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Payroll Employee Beneficiary

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Outstanding Wages Beneficiary Designation

Oklahoma law regulates wages owed to deceased employees in terms of the amount employers can pay before the employee's estate is administered, who the wages may be paid to, the amount they can recieve and the conditions that must be met before payment can be issued.

The University of Oklahoma offers its employees the option of designating a beneficiary to receive the employee’s final check in the event of an employee’s death while employed by the university.

If you choose to name a beneficiary, you must complete the Outstanding Wages Beneficiary Designation Form, see Outstanding Wages Beneficiary Designation Form below, and submit to Payroll & Employee Services. If you wish to change your beneficiary in the future, you will need to complete and submit a new Outstanding Wages Designation Form. For example, if you designate your spouse and are later divorced, you may want to complete a new form.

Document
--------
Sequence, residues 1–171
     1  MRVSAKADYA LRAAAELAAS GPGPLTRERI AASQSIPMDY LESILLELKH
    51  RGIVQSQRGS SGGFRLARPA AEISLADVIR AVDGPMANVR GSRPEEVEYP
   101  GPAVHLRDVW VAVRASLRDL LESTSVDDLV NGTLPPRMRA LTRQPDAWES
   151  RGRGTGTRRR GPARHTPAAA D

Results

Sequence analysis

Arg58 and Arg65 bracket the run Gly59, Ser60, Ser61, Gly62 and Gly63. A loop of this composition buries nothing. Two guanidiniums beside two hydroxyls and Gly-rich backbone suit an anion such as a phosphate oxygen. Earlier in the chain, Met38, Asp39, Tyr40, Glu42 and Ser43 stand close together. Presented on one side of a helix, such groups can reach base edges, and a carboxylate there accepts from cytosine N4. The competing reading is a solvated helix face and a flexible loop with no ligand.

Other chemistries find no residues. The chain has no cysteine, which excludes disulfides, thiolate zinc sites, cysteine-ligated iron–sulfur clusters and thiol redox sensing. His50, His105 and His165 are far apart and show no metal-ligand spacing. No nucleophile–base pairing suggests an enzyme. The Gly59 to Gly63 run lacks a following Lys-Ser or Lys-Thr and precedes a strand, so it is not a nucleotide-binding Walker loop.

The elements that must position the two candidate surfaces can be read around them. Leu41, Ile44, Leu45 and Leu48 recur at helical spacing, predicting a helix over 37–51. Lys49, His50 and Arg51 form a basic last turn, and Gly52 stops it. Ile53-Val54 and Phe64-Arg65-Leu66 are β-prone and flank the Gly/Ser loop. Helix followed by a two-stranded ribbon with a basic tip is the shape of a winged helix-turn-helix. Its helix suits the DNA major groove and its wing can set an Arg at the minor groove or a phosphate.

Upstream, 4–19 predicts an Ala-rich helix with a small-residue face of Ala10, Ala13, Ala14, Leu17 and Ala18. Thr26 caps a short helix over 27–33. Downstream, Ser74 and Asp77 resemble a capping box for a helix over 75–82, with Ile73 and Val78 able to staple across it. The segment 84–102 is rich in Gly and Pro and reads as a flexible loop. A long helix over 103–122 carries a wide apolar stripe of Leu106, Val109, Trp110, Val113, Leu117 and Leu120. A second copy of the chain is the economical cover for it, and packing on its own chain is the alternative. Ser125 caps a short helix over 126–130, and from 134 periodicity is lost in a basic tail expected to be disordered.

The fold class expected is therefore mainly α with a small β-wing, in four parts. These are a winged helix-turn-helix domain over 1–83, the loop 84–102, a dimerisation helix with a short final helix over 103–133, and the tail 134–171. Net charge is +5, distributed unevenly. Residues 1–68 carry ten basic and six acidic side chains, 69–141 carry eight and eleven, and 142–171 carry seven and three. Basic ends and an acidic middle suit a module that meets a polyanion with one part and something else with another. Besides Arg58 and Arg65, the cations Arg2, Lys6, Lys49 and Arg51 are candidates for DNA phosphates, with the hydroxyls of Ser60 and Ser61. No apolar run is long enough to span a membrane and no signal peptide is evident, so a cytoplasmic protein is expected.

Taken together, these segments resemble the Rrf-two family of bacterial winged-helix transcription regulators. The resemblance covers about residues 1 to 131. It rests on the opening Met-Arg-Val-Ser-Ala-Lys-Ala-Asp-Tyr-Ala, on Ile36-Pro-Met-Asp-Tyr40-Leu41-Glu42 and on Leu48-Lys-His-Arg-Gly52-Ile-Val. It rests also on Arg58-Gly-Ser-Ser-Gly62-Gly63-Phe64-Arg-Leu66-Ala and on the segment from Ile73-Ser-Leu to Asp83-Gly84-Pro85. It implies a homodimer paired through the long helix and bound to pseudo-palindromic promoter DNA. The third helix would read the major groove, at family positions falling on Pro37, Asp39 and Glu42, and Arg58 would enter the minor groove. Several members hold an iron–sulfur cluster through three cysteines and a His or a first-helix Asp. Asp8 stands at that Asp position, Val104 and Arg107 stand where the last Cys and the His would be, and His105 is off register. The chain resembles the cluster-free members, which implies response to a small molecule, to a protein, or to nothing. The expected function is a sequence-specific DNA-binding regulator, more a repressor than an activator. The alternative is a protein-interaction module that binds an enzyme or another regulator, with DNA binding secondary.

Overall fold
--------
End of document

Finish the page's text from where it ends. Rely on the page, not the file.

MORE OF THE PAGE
If you designate more than one person as a primary or contingent beneficiary, the payment will be divided equally among them.

Primary Beneficiary: Receives priority distribution upon the employee’s death.  Payment will be divided equally among all individuals listed as a primary beneficiary.
Contingent Beneficiary: Receives distribution only if the primary beneficiary(ies) are deceased at the time of the employee’s death.  Payment will be divided equally among all individuasl listed as contingent beneficiary.

If an employee does not elect to name a beneficiary, the University’s payroll office will issue the employee’s final paycheck, including any pay for unused annual/vacation leave, in accordance with Title 40, O.S., Section 165.3a, Payment of wages to surviving spouse and children. Please be advised that if your final check is processed without the naming of a beneficiary, your surviving spouse - or if there is no surviving spouse - your dependent children, or their guardians or the conservators of their estates, will receive in equal shares a total up to the maximum $3,000 allowed by law. Any remaining payment would go into the estate and go through probate. Please be advised that access to the funds processed to an estate may be delayed due to the probate process.